Hailing the big impact of small businessJun 28, 2017
UNDP celebrated the first Micro, Small and Medium-Sized Enterprise Day with an exhibition of products made by the micro-entrepreneurs supported by its Micro-Enterprise Development Programme, as a testament to the power of small business
In commemoration of the first-ever Micro, Small and Medium-Sized Enterprise (MSME) Day on 27 June, an exhibition of goods produced by micro-entrepreneurs from across Nepal was held by UNDP’s Micro-Enterprise Development Programme (MEDEP) at Labim Mall, Lalitpur. The stalls at the exhibit—organized in collaboration with the Chaudhary Foundation, Ministry of Industry and the Australian Government's Department of Foreign Affairs and Trade (DFAT)—witnessed close to 5,000 visitors browsing a wide selection of handicrafts and other goods made by entrepreneurs who had been supported in their endeavors by MEDEP and financially supported by DFAT.
The theme of MSME Day this year ‘Small Business, Big Impact’, reflecting the significance of these enterprises in “stimulating economic growth, creating jobs and trade, as key vehicles for poverty eradication and improved livelihoods,” as put by UN Resident Coordinator in Nepal, Valerie Julliand. Also speaking at the programme, newly-elected Mayor of Lalitpur, Chiri Babu Maharjan, encouraged the participating micro-entrepreneurs to continue to promote locally-made products to preserve unique traditional Nepali crafts as well as contributing to the broader flourishing of entrepreneurship around the country.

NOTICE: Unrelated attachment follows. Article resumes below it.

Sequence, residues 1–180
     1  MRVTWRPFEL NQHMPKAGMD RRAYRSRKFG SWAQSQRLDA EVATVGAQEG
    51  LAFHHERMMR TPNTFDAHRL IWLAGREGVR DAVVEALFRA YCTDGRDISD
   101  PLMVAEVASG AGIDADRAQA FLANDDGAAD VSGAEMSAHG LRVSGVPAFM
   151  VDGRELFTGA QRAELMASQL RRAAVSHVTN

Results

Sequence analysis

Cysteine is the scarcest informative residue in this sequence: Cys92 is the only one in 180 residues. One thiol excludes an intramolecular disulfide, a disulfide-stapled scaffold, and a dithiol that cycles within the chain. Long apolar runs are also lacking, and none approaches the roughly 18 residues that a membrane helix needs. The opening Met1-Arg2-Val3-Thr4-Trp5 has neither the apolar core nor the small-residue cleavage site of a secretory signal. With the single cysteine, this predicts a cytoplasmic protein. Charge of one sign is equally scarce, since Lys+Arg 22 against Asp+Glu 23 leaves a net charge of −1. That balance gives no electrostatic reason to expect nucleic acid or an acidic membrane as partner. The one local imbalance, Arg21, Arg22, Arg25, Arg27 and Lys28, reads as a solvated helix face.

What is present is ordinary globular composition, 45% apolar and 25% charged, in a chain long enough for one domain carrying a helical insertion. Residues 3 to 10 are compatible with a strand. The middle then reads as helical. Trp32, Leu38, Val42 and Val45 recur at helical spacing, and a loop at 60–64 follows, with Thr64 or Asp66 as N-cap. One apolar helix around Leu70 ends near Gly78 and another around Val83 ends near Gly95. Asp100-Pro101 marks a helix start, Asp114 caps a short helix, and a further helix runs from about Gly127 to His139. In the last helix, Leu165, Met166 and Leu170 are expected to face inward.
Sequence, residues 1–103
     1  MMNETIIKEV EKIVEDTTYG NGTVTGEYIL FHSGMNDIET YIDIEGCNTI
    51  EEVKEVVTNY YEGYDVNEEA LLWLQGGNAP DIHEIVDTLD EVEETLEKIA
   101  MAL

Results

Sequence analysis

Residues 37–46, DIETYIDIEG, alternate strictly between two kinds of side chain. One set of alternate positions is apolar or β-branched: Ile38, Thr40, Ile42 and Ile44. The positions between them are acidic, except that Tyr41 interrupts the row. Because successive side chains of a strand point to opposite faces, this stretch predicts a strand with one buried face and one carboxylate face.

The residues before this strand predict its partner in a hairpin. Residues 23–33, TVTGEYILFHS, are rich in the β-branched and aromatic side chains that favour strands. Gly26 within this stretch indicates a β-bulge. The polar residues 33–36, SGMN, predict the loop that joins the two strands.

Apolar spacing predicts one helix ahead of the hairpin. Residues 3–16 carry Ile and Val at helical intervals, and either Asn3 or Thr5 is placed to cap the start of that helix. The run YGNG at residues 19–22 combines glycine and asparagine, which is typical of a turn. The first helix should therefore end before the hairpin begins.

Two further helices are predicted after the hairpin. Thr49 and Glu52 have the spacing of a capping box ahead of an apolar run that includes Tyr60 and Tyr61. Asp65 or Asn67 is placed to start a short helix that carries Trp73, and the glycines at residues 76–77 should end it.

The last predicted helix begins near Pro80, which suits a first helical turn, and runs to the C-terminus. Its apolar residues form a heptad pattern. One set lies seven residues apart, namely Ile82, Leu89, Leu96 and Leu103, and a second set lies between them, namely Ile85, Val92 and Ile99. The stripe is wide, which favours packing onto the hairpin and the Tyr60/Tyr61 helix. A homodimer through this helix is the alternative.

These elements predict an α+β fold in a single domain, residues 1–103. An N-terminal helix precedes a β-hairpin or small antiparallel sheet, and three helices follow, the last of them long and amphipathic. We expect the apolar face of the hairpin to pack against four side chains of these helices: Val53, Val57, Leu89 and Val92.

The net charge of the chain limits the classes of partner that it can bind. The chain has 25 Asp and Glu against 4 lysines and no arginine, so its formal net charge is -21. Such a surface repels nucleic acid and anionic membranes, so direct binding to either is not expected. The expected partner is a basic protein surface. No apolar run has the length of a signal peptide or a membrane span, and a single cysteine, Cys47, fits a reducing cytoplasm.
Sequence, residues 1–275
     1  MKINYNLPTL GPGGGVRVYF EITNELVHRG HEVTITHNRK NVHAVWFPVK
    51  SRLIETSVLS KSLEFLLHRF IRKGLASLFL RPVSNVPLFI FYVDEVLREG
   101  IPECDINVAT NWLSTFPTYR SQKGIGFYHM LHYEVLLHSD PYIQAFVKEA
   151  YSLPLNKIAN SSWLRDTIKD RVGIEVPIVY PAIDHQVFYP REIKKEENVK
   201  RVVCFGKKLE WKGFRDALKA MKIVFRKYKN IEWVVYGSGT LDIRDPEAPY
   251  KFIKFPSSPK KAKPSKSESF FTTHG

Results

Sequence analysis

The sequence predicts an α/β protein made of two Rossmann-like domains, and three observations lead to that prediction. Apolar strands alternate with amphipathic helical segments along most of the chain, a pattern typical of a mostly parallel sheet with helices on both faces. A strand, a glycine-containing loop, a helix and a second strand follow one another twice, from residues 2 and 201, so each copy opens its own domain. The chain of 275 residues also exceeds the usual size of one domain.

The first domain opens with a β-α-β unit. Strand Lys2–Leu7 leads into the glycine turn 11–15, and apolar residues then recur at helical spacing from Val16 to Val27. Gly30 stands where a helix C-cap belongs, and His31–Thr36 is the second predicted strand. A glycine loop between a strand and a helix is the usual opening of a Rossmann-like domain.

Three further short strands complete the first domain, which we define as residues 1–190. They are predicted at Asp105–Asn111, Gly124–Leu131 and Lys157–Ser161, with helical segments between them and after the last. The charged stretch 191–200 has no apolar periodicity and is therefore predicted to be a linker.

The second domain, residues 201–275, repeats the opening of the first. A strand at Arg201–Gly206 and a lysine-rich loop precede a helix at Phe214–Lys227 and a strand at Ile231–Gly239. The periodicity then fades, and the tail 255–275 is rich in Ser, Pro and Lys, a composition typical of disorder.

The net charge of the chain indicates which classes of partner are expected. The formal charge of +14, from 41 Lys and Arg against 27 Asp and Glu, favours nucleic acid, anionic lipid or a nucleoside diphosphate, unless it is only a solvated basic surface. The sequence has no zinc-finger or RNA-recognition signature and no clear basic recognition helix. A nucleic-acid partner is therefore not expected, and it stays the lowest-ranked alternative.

Early this year, the United Nations General Assembly had adopted a resolution recognizing the crucial role Micro, Small and Medium Enterprises play in achieving the 2030 Agenda for Sustainable Development, thereby designating June 27 this year as the first MSME day. Indeed, MSMEs have proven vital in creating employment and income generation opportunities across the world, including Nepal, and have been identified as a major driver of poverty alleviation and development.
In the last 19 years of its existence, MEDEP has helped more than 118,800 poor people from rural Nepal to establish enterprises, which have in turn created more than 190,000 jobs. Additionally, almost 73% of MEDEP beneficiaries are women and it has also been reaching out to traditionally marginalized groups and communities.
Touching on this achievement, Ashrayata Karki, Board Member of Chaudhary Foundation and Tara Gurung, Programme Director of DFAT, expressed their appreciation for the work of MEDEP and the contribution of MSME’s to the economy overall, urging continued catering of programmes and services to vulnerable sectors of the workforce.